Two local women – including one who will vie against her husband – are set to compete in a field of about 25 men in this weekend’s 47th Annual Alcan 200 snowmachine race.

Resident Lynette Campbell, who finished the race last year but was disqualified for a technical error at a gas stop, plans to use a different sled this year: a 1997 Ski-Doo in the 0-440 fan class.

Campbell, who works for the male-dominated Department of Transportation, said it only occurred to her after last year’s race that she was the sole woman rider. “I thought, ‘Dang, more women should do this.’”

On Saturday, Campbell’s husband will ride the 1973 Ski-Doo she finished on last year. “His sled won’t go as fast as I will,” she said. “This year I just want to do it and finish and not disqualify myself. I’m not really expecting to win anything, but not many people even finish the race.”

Unlike other racers, Campbell won’t be monitoring the weather reports to anticipate race conditions. She plans on just putting in her headphones and enjoying the scenery.

“I’m not going to (check the weather) because that would freak me out. I’m not going to get into my head and over-think things,” she said. “You are all by yourself out there. You have that entire highway for 100 kilometers. Who gets to do that? Through beautiful mountain scenery? It’s the only time that I know of in the universe that you can shut down an international highway and be alone and go as fast as you want.”

Storage and Warehouse, a company owned by the Campbells, is sponsoring Nicole Holm’s first Alcan run this year.

A former race volunteer, Holm decided to compete this year to set an example for local involvement. “A lot of the locals were talking about trying to get more local participation, and I kept popping off saying, ‘Yeah, you have to get your wives and your girlfriends to compete,’ and they said, ‘Yeah, starting with you.’”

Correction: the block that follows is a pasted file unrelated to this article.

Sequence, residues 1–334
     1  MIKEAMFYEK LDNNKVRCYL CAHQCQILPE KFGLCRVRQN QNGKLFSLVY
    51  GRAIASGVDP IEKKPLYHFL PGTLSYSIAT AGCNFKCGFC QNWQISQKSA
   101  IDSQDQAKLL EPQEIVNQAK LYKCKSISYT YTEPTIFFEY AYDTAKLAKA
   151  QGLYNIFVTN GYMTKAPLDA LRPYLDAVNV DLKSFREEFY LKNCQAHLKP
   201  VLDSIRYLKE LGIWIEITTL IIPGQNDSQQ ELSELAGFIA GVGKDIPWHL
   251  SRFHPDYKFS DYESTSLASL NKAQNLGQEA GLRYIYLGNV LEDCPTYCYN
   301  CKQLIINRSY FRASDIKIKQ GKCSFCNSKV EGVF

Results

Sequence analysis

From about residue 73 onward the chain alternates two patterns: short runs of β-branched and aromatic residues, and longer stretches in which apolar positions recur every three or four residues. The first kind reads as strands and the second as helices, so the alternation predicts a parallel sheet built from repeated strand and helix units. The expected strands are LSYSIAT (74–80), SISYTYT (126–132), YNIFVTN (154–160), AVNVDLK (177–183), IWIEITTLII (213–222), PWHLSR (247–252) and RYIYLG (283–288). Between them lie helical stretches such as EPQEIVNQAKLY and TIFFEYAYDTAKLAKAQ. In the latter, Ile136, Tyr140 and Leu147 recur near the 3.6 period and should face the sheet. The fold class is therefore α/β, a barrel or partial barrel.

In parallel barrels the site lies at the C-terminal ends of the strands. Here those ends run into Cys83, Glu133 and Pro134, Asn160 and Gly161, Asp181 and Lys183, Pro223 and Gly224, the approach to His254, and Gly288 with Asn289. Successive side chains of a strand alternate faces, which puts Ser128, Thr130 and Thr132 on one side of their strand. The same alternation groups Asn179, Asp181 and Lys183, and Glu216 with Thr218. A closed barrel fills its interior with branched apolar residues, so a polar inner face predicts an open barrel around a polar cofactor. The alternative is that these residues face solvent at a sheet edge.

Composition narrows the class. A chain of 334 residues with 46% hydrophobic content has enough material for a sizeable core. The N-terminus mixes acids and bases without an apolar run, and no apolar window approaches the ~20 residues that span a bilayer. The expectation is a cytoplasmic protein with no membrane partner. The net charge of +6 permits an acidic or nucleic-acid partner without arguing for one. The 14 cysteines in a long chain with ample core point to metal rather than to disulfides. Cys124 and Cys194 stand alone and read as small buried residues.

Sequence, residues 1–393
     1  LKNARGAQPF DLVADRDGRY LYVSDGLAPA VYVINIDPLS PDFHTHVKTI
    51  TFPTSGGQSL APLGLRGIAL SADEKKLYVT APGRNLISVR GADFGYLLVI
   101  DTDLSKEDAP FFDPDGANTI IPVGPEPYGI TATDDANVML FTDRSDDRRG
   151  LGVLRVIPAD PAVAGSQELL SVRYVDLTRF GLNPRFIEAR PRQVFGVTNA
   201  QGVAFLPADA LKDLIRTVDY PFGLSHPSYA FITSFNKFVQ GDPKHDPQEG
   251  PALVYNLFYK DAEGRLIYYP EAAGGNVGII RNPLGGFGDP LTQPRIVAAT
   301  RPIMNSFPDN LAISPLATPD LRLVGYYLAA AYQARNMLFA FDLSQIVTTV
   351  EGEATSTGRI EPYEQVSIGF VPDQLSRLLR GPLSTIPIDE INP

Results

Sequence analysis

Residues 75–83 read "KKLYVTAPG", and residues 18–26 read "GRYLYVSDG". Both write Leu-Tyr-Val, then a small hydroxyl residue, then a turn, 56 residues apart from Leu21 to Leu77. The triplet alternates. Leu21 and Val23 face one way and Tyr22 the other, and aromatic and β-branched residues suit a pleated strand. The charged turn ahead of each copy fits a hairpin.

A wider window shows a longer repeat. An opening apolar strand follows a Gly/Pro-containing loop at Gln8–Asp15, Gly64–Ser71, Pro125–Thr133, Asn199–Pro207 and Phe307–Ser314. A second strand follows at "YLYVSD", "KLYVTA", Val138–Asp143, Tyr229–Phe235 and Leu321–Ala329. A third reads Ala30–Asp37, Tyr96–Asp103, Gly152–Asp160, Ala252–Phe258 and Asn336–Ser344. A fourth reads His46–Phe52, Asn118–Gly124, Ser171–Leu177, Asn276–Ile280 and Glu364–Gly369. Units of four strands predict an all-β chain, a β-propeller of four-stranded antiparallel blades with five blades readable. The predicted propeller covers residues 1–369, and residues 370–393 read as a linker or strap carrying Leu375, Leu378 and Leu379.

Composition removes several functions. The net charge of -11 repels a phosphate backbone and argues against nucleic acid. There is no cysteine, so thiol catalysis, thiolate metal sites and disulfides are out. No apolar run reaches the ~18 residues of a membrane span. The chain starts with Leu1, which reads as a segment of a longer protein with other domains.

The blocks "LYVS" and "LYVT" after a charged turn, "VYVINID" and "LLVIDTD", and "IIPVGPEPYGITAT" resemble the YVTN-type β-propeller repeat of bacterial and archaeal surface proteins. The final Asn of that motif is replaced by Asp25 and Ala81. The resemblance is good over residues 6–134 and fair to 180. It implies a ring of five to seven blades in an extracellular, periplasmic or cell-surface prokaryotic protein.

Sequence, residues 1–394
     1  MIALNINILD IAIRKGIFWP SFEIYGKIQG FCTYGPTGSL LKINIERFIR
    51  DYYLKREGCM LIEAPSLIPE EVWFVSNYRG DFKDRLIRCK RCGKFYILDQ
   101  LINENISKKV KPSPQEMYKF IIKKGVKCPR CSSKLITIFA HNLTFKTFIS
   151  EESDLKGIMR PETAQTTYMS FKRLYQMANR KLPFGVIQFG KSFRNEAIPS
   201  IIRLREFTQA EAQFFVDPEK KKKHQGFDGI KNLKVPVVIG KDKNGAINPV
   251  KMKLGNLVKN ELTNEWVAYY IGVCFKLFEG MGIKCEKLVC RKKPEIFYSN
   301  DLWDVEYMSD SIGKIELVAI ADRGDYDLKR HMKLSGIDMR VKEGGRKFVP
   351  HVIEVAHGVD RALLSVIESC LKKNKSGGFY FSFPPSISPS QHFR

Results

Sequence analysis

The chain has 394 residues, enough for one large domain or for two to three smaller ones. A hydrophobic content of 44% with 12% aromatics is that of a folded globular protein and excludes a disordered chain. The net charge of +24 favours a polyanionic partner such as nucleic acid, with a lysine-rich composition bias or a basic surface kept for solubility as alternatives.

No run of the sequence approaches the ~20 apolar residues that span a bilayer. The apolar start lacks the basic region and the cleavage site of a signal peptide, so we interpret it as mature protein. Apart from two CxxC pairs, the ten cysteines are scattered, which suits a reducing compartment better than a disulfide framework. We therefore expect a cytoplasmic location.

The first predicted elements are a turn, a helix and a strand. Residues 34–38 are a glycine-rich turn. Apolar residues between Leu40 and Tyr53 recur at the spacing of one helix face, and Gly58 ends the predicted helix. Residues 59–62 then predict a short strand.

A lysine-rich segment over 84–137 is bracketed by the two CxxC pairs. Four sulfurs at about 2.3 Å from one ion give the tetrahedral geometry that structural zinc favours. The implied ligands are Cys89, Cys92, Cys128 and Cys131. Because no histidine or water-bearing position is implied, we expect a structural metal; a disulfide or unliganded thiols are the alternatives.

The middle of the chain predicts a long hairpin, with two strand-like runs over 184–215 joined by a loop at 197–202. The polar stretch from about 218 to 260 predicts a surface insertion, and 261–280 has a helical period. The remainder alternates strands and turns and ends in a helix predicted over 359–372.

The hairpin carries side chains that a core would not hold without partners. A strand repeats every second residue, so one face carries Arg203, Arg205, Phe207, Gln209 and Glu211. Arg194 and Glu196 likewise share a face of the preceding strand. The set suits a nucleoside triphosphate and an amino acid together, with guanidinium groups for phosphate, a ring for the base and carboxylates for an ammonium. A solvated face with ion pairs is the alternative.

Holm will ride a 1995 Polaris Indy in the 0-440 fan class. Husband Tim Holm and brother Tyrell Horton will serve as her mechanics.

Her only goals, she said, are to go at least 40 mph and stay ahead of the sweep rig. “My sled is completely stock. I didn’t change out anything or make it have more ‘oomph’ or power. There is no way I can compete with some of these guys who bring huge modified sleds down from Fairbanks,” she said.

Race organizer Kathi Lapp said she expects about a dozen locals to participate in the 155-mile race, which takes competitors from the Canada Customs station to Dezadeash Lake and back. Local sled drivers Jack Smith Jr., Chris Brooks and Zach Ferrin are expected to compete, Lapp said.

Last year, organizers tried changing how machines were divided into classes, which didn’t go over too well, Lapp said. So, this year, classes are back to the traditional divisions.

“A lot of the guys didn’t like that because the 500cc and the 600cc were in the same class where before they had been split. It didn’t work out well,” she said.

Classes include 0-440 fan, 441-open fan, 0-440 liquid, 441-550 liquid, 551-650 liquid, 651-800 liquid and 801-open liquid.

Weather is always a major factor in the Alcan, but trying to predict conditions ahead of time is always a challenge, Lapp said. Recent heavy rains depleted good icepack, so racers are hoping for more snow to fall before Saturday’s 10 a.m. start time.

Race registration is at 5:30 p.m. Friday at the Fogcutter Bar, followed by the Calcutta Auction at 6:30 p.m. The awards ceremony and dinner is at 7 p.m. Saturday at the American Legion.

 A “Family Fun Race” is scheduled for 11 a.m. Sunday at Mosquito Lake, Lapp said.